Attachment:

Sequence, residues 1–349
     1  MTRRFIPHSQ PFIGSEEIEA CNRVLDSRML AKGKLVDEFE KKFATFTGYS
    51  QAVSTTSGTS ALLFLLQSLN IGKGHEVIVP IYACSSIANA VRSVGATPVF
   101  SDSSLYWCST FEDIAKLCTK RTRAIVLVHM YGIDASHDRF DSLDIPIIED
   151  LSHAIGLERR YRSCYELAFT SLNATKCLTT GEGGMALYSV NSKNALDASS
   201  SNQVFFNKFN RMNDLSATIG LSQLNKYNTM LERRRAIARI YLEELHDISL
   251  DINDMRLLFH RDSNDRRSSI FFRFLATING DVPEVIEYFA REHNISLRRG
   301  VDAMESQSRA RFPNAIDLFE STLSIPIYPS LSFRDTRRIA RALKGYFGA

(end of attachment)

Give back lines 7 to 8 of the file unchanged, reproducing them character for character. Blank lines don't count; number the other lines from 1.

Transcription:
   251  DINDMRLLFH RDSNDRRSSI FFRFLATING DVPEVIEYFA REHNISLRRG
   301  VDAMESQSRA RFPNAIDLFE STLSIPIYPS LSFRDTRRIA RALKGYFGA